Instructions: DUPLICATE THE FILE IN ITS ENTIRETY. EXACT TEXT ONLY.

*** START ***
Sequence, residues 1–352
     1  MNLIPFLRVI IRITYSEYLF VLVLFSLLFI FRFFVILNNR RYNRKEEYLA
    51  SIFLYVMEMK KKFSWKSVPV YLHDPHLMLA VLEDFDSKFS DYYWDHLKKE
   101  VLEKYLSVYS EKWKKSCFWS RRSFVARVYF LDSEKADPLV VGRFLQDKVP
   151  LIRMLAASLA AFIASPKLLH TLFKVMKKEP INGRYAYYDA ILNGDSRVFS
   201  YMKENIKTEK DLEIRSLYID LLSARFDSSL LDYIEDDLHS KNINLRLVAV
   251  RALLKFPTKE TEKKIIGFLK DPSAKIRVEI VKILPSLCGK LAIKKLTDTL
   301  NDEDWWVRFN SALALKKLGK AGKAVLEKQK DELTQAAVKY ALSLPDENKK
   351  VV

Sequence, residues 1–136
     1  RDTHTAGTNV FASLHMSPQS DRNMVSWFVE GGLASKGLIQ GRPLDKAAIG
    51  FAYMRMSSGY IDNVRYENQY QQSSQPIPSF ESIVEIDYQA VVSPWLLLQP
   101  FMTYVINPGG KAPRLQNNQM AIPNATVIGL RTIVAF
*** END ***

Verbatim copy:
Sequence, residues 1–352
     1  MNLIPFLRVI IRITYSEYLF VLVLFSLLFI FRFFVILNNR RYNRKEEYLA
    51  SIFLYVMEMK KKFSWKSVPV YLHDPHLMLA VLEDFDSKFS DYYWDHLKKE
   101  VLEKYLSVYS EKWKKSCFWS RRSFVARVYF LDSEKADPLV VGRFLQDKVP
   151  LIRMLAASLA AFIASPKLLH TLFKVMKKEP INGRYAYYDA ILNGDSRVFS
   201  YMKENIKTEK DLEIRSLYID LLSARFDSSL LDYIEDDLHS KNINLRLVAV
   251  RALLKFPTKE TEKKIIGFLK DPSAKIRVEI VKILPSLCGK LAIKKLTDTL
   301  NDEDWWVRFN SALALKKLGK AGKAVLEKQK DELTQAAVKY ALSLPDENKK
   351  VV

Sequence, residues 1–136
     1  RDTHTAGTNV FASLHMSPQS DRNMVSWFVE GGLASKGLIQ GRPLDKAAIG
    51  FAYMRMSSGY IDNVRYENQY QQSSQPIPSF ESIVEIDYQA VVSPWLLLQP
   101  FMTYVINPGG KAPRLQNNQM AIPNATVIGL RTIVAF